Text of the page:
Talk to anyone in a skilled industry—automotive and truck repair and service, plumbing, carpentry, electrical contracting, construction, manufacturing—and you will hear the same lament: it's getting harder and harder to find qualified workers.
The reasons for the shortage of skilled workers are complicated. One reason is that there are so many directions a young person can take when deciding on a career today: college, trade schools, the military or the service industry.
Another is the lack of skills training in the educational system. Schools have been forced to scale back skills-training programs drastically due to cuts in local, state and federal budgets and the high cost of equipment and liability insurance.
It's a sad fact of today's fast-paced society that few of us can spare the time or afford the equipment needed to work on our homes or personal vehicles—and our children learn by our example. The "do-it-yourself" market share is gradually migrating to the "do-it-for-me" category.
There is also an undeniable trend by some educators and parents to push young people to college and white collar professions. Some people suffer from the uniformed opinion that the trades are low-paying, dirty work with little opportunity for advancement or job satisfaction.
As a result of these factors, few young people are exposed to the trades—either at school or at home.
Not so long ago, students as young as the seventh and eighth grade were able to take "shop" classes: electrical, auto, metal, woodworking, and so on. Some of us old "gearheads" already had cars that we were working on in our early teens, so we would be ready to hit the road once we hit the magic age of 16. For me, my career in the automotive and heavy duty industry grew directly from the interest I developed in my youth while in auto shop.
There is a growing movement to address the decline of skilled workers, and the people involved include educators, professionals, parents, legislators—and at least one celebrity.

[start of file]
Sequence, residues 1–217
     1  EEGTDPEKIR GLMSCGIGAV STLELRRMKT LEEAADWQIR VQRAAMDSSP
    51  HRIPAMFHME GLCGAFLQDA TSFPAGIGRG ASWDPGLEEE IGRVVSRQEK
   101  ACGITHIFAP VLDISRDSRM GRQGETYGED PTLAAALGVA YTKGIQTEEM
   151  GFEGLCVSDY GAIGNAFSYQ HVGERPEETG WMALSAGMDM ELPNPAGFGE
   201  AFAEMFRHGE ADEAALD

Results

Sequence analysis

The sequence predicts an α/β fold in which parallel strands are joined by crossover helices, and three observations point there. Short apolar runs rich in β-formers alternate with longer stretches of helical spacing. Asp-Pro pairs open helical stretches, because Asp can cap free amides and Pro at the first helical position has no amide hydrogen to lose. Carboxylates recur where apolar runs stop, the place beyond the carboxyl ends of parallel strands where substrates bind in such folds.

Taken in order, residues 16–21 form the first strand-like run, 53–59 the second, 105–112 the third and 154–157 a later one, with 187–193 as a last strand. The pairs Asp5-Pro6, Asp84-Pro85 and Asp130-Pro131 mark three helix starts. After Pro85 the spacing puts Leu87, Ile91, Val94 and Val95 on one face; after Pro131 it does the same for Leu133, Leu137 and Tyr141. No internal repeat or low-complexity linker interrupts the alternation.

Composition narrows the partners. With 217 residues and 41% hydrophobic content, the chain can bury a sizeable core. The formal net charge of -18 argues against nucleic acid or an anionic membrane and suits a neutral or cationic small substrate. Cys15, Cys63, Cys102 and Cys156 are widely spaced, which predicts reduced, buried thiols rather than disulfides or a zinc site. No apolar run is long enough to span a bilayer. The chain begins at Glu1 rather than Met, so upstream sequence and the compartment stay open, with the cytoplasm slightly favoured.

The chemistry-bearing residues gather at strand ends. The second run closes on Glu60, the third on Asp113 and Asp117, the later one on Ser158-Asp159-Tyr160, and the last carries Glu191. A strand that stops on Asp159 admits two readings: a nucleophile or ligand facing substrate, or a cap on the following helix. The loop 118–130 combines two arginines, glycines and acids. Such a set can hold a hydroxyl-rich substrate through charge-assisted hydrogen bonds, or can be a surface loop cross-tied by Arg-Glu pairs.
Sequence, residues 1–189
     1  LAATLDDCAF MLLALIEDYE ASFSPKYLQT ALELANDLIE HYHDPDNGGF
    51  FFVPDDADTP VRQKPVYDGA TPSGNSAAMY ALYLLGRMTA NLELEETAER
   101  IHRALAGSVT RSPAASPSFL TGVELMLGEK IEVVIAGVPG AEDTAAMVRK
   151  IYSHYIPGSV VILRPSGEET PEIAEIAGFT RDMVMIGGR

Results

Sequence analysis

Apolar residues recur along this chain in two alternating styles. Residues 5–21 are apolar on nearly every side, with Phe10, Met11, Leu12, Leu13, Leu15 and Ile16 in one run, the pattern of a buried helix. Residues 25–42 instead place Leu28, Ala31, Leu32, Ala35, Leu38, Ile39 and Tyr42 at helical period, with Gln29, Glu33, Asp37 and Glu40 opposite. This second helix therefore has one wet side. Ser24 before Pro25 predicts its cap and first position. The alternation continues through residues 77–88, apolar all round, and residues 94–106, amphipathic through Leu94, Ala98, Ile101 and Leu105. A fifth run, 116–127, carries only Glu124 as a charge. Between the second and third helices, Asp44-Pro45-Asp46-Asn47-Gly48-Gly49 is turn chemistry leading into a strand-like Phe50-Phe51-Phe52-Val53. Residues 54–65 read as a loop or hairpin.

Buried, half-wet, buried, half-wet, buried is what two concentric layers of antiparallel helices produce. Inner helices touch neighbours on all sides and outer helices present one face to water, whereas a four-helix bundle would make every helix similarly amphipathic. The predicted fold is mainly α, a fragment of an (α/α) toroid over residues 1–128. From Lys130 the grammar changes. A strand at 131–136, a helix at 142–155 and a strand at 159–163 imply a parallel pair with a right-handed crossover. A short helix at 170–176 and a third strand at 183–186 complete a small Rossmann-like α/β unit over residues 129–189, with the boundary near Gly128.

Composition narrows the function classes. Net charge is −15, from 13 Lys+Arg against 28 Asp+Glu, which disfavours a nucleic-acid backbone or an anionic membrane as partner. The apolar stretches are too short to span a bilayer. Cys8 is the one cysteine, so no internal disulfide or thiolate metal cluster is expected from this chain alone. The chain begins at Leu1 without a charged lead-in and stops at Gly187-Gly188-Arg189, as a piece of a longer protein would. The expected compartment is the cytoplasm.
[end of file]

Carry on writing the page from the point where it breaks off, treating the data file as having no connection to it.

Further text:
John Ratzenberger, the actor best known for his portrayal of Cliff Clavin, the know-it-all mailman on "Cheers," is using his celebrity status to revive young people's interest in the trades. An accomplished actor, screenwriter, director, producer and entrepreneur, Ratzenberger has a deep respect for the skilled professions, which he highlighted on his television program, "Made in America."
Ratzenberger and other concerned groups and businesses have established the Nuts, Bolts and Thingamajigs Foundation. Its mission, according to its Web site, is "to avert a growing crisis in America, one that is occurring because too few young people now develop the kind of manual skills required by industries, workshops and engineering practices.
"Through mentoring programs, education and media awareness, NBTF will once again introduce young people to the pleasures of tinkering. And in that way, we will create the next generation of artisans, inventors, engineers, repairmen and skilled workers—in short, a self-sufficient, self-sustaining society."
Ratzenberger recently took his cause to Washington, D.C. He met with a group of congressmen with strong populations of manufacturers in their districts who have formed a manufacturers "caucus," or group of representatives with a common cause.
One of this group's goals is to expose young people to the trades early in their career decision-making process so that more high school students would elect to enter those fields—creating a stable employee base for the manufacturing and trade industries.
By providing a good solid base of knowledge and understanding of the fundamentals through vocational/technical courses, more student will go on to technical colleges and trade schools and become the truck and car technicians, vehicle and component assembly technicians, master electricians, plumbers, and carpenters of the future.
One organization has created an effective method